As we have noted, the Fed will often use the media, and in particular, Nick Timiraos of the WSJ, to float trial balloons to prepare investors of coming Fed speeches or policy actions that may be different than the market’s current collective thinking. It appears the Fed floated a trial balloon yesterday morning. Jerome Powell’s Dilemma warns that Jerome Powell’s Jackson Hole speech may be more hawkish than expected. To wit:
Several former Fed officials who have worked closely with Mr. Powell say he is likely to err on the side of raising rates too much, rather than too little, because tolerating excessive inflation would represent a much greater institutional failure for the central bank.
The basis for the Fed’s concern is a possible new inflation regime. Nick’s article starts as follows: “Central bankers worry that the recent surge in inflation may represent not a temporary phenomenon but a transition to a new, lasting reality.” We have also written about these same inflationary factors. For more, please read Deglobalization and Persistent Inflation.
What To Watch Today
- 8:30 a.m. ET: Personal income, July (+0.4% expected, +0.6% previously)
- 8:30 a.m. ET: Personal spending, July (+0.6% expected, +1.1% previously)
- 8:30 a.m. ET: Whole inventories, July (+1.4% expected, +1.8% previously)
- 8:30 a.m. ET: Retail inventories, July (+2% previously)
- 8:30 a.m. ET: PCE, month-on-month, July (+0.1% expected, 1% previously)
- 8:30 a.m. ET: PCE, year-on-year, July (+6.4% expected, +6.8% previously)
- 8:30 a.m. ET: Core PCE, month-on-month, July (+0.3% expected, +0.6% previously)
- 8:30 a.m. ET: Core PCE, year-on-year, July (+4.7% expected; +4.8% previously)
- 10:00 a.m. ET: University of Michigan consumer sentiment, August (55.2 expected, 55.1 previously)
- No major earnings releases today
Market Trading Update
“The 20-dma, along with the previous resistance levels at 4160, will provide fairly stiff resistance to any increase short term. However, the market is oversold enough on a short-term basis that a reflexive bounce is likely.”
That reflexive rally came with a vengeance yesterday as the market rallied sharply higher on expectations the Fed will lean “dovish” this weekend at the Jackson Hole summit. Jerome Powell is on deck to speak today. If he tows the company line, he is expected to note that the Fed remains dependent on incoming data to judge policy decisions.
For the bulls – the market cleared overhead resistance at the 20-dma yesterday. Such now clears the way for another attempt at the 200-dma, and with markets short-term oversold, there is “fuel” to support that rally. For the bears – the MACD “sell signal” remains in place, suggesting that markets may have more “consolidative” work to do before the next leg of the market move (up or down) can commence. If the market can break above the 200-dma, we will need to be more bullish on markets, particularly with easing financial conditions.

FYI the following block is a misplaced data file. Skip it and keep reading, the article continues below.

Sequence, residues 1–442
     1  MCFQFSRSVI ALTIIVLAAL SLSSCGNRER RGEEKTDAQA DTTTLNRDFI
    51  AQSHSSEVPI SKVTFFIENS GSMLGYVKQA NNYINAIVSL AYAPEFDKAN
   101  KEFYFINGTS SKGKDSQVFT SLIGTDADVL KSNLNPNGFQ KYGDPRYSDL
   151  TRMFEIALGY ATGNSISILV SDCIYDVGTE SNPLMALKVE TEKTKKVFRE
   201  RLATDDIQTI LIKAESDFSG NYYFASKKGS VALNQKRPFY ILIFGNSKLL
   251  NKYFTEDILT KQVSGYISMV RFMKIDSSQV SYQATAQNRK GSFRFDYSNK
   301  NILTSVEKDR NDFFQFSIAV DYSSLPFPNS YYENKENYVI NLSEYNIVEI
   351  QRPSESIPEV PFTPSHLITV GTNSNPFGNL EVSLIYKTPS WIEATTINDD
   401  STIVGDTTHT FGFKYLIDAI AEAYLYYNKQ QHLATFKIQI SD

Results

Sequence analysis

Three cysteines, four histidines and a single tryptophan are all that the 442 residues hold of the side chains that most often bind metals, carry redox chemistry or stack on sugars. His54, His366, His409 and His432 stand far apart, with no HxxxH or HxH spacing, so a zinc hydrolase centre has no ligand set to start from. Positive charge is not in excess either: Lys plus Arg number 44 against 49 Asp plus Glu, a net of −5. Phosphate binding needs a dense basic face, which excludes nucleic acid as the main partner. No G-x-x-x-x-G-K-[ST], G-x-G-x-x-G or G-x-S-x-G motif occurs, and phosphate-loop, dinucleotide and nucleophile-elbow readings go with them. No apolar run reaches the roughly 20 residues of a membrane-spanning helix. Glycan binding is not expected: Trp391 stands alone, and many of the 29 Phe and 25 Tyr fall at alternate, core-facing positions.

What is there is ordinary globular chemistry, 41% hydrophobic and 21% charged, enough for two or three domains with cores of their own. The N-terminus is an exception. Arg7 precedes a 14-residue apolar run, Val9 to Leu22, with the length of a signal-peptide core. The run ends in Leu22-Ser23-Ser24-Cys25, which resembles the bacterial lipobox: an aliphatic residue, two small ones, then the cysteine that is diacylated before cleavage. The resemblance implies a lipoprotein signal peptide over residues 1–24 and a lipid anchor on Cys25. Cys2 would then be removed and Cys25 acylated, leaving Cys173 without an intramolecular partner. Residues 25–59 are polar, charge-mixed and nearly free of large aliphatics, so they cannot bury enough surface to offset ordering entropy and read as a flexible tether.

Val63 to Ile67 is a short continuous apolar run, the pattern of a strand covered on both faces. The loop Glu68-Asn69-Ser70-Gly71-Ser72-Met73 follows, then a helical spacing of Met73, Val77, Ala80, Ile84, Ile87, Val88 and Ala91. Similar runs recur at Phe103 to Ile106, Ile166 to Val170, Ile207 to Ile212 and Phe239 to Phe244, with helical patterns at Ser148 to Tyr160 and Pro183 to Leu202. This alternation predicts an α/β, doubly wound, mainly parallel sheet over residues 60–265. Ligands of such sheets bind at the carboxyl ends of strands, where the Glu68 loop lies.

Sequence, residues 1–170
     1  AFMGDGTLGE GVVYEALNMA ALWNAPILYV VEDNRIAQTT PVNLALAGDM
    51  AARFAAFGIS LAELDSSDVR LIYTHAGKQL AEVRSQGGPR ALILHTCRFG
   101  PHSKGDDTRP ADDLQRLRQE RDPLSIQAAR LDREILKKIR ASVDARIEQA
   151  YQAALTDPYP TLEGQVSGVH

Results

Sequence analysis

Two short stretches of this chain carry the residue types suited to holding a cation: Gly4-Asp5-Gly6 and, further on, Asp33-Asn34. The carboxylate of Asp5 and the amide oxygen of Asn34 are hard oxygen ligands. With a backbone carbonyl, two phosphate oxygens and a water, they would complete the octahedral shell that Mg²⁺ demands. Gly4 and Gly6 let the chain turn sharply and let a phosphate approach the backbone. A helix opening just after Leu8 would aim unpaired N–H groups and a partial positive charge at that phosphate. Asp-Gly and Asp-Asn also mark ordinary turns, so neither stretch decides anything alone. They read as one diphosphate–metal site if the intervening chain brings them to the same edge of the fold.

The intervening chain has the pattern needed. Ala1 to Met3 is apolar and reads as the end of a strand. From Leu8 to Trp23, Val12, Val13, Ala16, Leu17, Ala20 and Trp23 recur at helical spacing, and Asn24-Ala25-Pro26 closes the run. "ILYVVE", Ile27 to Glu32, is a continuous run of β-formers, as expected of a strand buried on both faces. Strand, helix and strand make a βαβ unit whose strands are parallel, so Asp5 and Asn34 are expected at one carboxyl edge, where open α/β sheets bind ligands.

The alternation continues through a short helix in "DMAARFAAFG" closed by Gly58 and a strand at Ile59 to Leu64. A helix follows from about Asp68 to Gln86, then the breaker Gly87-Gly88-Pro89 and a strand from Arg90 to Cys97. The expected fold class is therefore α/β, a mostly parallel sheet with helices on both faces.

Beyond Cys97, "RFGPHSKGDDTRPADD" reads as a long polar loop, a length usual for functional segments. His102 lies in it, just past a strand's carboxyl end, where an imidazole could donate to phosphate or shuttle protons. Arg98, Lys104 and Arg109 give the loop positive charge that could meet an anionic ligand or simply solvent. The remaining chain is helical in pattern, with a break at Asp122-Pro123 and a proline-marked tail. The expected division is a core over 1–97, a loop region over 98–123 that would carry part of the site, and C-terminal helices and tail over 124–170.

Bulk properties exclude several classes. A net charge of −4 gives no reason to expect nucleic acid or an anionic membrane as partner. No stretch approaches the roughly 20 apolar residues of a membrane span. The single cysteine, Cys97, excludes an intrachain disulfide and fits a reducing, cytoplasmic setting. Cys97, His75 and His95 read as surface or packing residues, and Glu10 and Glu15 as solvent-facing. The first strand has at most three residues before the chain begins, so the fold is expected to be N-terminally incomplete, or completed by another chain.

Bull or Bear Market?
The following chart from Fidelity provides both warning and hope. Based on the graph, if the current stock market rally is a bear market rally, it has probably peaked, or will so, in the next few weeks. The logic is based on 16 other bear market rallies since 1929. Basically, a 50% retracement rally has capped the upside in bear market rallies. On the flip side, if the market can continue higher, we may not be in a bear market rally. The recent downturn may be just a brief stumble on the path to new record highs.
Baron’s Says Brace for a Bad September
The opening paragraph in September is Usually a Bad Month for Stocks, This One Could be Ugly is as follows:
The stock market’s worst month—September—is approaching. This one could be particularly bad.
Despite the fearful headline, the following paragraph states that the S&P has only averaged a 1% loss in September going back to 1928. The graph below also shows that September tends to be tough but not “ugly.” To help justify using the word “ugly,” the author offers the following reasons to be concerned:
- “The stock market has already ripped higher recently, with both indexes up double digits in percentage terms since their lowest levels of the year in mid-June.”
- The probably of the Fed hiking by .75% at its September meeting
- Bond yields moving higher
- Oil prices perking back up
Despite the author’s concerns, the chart below shows that the market’s behavior in midterm election years is very different than in non-midterm election years. Based on the average for midterm years, we should expect a weak start to September and then a strong run higher for the remainder of the year.
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